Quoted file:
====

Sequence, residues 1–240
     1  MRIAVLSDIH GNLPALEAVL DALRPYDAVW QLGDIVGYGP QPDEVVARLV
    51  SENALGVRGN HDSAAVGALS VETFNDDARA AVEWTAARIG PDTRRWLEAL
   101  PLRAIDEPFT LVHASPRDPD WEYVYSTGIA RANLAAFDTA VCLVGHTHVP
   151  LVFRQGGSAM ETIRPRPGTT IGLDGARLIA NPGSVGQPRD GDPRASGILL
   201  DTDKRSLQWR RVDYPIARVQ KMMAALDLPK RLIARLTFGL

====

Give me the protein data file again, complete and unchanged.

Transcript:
Sequence, residues 1–240
     1  MRIAVLSDIH GNLPALEAVL DALRPYDAVW QLGDIVGYGP QPDEVVARLV
    51  SENALGVRGN HDSAAVGALS VETFNDDARA AVEWTAARIG PDTRRWLEAL
   101  PLRAIDEPFT LVHASPRDPD WEYVYSTGIA RANLAAFDTA VCLVGHTHVP
   151  LVFRQGGSAM ETIRPRPGTT IGLDGARLIA NPGSVGQPRD GDPRASGILL
   201  DTDKRSLQWR RVDYPIARVQ KMMAALDLPK RLIARLTFGL